By Dolio at Thu, 2005/01/06 - 6:00am

"The UI should offer only the basic features by default. If the user is advanced enought to miss some of the more advanced features, he's advanced enough to add the functionality himself in the toolbars."

There's one problem. If functionality is "hidden", even advanced users don't see them. If thy don't see them, they don't know that it exists. If they don't know of it's existance, they won't search for it. If they don't "search" for it, they'll never add it. This even applies for advanced users. Only geeks or poweruser would look around if there is any feature that they may have missed...
Just have a look at GNOME. It's nice for absolute beginners and geeks. But advanced users complain about all it's missing features - although most of them are only hidden.


By birdy at Wed, 2005/01/05 - 6:00am

What you say is true. And I do not suggest that we reduce KDE's (or it's apps) functionality one bit. So we then have a problem as to how to tell the user about the more advanced features that are at his disposal. I do not have a quick and easy answer for that. But I do think that just about anything is better than showing them all at once. That results in cluttered UI that is difficult to navigate and gets in your way when you try to do the everyday stuff. KDE should focus on letting the users do the everyday stuff with zero distractions and with clean UI. The advanced features should come only as the user sees fit.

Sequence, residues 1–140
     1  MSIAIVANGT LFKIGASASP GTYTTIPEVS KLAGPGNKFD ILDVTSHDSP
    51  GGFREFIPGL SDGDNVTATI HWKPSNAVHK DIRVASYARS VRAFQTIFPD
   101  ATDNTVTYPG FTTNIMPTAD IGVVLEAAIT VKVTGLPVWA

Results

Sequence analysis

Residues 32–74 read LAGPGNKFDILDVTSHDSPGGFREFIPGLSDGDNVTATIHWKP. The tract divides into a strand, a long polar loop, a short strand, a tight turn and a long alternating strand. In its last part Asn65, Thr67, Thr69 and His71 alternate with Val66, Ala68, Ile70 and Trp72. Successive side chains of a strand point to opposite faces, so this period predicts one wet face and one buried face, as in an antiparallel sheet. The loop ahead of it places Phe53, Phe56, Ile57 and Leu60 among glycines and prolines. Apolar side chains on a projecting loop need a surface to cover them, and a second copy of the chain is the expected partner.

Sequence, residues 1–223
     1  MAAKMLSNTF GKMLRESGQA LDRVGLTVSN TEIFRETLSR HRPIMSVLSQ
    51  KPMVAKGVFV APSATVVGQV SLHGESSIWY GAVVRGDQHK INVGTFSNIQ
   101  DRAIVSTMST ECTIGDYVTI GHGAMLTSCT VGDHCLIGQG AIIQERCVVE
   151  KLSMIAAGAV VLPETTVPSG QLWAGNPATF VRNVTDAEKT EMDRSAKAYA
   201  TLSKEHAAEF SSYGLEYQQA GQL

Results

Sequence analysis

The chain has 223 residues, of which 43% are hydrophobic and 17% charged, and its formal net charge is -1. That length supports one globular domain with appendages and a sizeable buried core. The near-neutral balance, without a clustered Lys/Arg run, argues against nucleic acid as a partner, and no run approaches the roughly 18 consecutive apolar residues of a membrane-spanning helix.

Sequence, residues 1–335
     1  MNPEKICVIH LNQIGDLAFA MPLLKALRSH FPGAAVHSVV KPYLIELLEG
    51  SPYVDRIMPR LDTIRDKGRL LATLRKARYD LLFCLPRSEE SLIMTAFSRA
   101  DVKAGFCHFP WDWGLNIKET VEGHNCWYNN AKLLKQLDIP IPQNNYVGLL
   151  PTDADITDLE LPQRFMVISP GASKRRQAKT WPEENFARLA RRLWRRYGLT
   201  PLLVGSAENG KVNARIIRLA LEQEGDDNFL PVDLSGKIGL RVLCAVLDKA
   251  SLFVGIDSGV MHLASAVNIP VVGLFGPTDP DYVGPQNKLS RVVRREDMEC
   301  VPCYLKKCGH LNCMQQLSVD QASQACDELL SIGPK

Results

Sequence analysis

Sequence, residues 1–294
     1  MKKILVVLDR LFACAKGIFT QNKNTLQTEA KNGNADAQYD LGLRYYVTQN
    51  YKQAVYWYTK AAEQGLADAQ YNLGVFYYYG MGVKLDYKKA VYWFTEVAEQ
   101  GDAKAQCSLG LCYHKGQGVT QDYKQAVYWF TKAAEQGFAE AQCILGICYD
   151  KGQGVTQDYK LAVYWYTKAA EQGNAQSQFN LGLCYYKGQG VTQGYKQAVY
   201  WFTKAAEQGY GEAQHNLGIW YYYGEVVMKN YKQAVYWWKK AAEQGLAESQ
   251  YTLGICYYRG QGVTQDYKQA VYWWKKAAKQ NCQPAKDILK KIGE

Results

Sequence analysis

But, like I said, I have no easy solution as to how the user should be made aware of the more advanced features. Of course there's documentation and Kandalf's tips, but does anyone read those ;)?


By Janne at Wed, 2005/01/05 - 6:00am

"Of course there's documentation and Kandalf's tips, but does anyone read those ;)?"

Maybe I would read the tips if they showed up when a new version of a program is installed and show information about changes and new features.


By uddw at Thu, 2005/01/06 - 6:00am

"There's one problem. If functionality is "hidden", even advanced users don't see them."

One reason they won't find them is because they won't be in the documentation. As wonderful as the KDE documentation team is, they have a difficult time keeping up with the pace of KDE development. If the documentor isn't tracking CVS commits, most featurettes are going to be overlooked.


By Brandybuck at Wed, 2005/01/05 - 6:00am